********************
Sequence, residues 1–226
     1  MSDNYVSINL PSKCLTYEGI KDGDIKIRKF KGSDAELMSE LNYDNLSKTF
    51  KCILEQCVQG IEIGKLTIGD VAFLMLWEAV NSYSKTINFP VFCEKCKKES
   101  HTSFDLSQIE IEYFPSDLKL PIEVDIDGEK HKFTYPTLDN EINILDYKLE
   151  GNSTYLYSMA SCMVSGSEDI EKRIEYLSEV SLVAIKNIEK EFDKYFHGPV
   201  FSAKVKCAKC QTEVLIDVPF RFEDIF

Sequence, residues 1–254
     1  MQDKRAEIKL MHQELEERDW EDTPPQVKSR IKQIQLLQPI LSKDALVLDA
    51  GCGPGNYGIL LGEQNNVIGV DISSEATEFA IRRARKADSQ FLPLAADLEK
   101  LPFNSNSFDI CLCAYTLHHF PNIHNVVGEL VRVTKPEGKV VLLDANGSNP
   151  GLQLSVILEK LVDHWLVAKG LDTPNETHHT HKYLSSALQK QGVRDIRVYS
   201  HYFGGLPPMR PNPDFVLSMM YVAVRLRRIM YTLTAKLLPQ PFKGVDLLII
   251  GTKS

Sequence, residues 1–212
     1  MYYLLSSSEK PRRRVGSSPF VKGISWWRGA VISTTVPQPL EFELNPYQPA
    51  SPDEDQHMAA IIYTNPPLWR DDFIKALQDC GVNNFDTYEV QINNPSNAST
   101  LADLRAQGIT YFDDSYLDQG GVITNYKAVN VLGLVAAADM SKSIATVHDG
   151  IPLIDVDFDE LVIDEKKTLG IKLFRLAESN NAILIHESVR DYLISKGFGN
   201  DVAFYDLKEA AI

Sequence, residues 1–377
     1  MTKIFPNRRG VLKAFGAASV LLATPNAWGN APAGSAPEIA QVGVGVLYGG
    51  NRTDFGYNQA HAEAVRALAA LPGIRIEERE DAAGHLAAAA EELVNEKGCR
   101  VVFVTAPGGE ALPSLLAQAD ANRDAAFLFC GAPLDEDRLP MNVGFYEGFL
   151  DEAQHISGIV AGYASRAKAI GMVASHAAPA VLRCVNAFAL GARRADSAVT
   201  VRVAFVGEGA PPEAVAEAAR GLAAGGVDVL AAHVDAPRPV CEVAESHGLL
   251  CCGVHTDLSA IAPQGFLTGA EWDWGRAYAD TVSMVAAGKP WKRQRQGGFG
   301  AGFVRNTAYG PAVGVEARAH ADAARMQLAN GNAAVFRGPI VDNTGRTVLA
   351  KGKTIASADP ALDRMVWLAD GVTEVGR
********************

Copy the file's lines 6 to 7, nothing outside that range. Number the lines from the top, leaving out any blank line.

   201  FSAKVKCAKC QTEVLIDVPF RFEDIF

Sequence, residues 1–254